His apparent recognition of his “douchebag” tendencies led the singer to completely shift his focus, alter his social media activity and reinvent his public appearance for his “Purpose” album. Most of these changes stemmed from his return to the Christian faith, an aspect of himself that he was very open about during his “My World” years, and his spiritual progression has been visibly documented in both his music and social media activity.
This shift in tone is not subtle, either. While Bieber’s 2011 Christmas album, “Under the Mistletoe,” is technically considered “religious,” he clearly wasn’t interested in showcasing his spirituality — I mean, have you heard his rendition of “The Little Drummer Boy”?
Not only does he rap while performing this Christmas classic, but Bieber also blatantly disrespects the Bible when he “spits” the following line: “And I only spit heat cause I’m playin’ for the Son. Playin’ for the King, playing for the Title, I’m surprised you didn’t hear this in the Bible.” However, the “spiritual” tracks on “Purpose” have much more positive connotations.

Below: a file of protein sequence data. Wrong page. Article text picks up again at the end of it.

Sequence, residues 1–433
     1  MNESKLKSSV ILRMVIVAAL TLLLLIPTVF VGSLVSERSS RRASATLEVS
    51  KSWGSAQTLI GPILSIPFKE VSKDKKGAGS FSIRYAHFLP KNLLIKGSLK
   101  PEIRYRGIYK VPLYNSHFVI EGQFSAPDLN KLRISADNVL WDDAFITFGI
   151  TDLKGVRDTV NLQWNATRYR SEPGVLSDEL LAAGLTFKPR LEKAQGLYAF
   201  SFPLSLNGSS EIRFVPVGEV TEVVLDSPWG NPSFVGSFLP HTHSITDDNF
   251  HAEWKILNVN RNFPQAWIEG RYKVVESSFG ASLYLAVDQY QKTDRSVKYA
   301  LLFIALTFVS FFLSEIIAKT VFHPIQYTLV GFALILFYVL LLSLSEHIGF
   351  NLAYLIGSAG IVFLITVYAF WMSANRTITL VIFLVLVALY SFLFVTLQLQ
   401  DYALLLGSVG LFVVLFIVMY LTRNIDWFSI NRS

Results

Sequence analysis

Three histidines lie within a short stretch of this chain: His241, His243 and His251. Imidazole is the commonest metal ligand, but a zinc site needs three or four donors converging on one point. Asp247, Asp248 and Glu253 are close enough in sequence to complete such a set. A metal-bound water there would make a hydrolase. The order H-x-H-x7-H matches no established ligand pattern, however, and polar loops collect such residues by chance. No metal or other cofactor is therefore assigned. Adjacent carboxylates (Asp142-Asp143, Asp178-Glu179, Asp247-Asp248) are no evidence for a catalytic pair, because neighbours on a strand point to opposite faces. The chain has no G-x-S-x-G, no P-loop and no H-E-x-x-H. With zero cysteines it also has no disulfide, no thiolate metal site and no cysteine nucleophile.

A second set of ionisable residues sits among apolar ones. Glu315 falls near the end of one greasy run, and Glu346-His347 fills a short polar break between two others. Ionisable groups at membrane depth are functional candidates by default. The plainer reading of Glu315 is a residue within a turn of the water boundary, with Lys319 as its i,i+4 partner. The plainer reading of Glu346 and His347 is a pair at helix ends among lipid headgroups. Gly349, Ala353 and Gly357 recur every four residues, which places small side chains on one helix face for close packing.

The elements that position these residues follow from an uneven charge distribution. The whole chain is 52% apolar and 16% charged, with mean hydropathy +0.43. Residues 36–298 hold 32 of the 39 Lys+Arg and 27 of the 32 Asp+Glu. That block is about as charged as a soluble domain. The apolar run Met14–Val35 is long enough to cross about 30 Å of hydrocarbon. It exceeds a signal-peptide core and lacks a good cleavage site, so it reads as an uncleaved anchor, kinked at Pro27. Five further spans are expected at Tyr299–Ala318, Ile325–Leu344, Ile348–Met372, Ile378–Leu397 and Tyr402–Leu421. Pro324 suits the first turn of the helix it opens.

For example, in track 10 of “Purpose,” “Life is Worth Living,” Bieber emphasizes forgiveness, as he calls on Beliebers to forgive his childish behavior: “Praying for a miracle, who’ll show you grace?” Although Bieber was once arrogant and sure of himself, he states that God must “give us direction” and “show us how to read a map” for life’s twists and turns.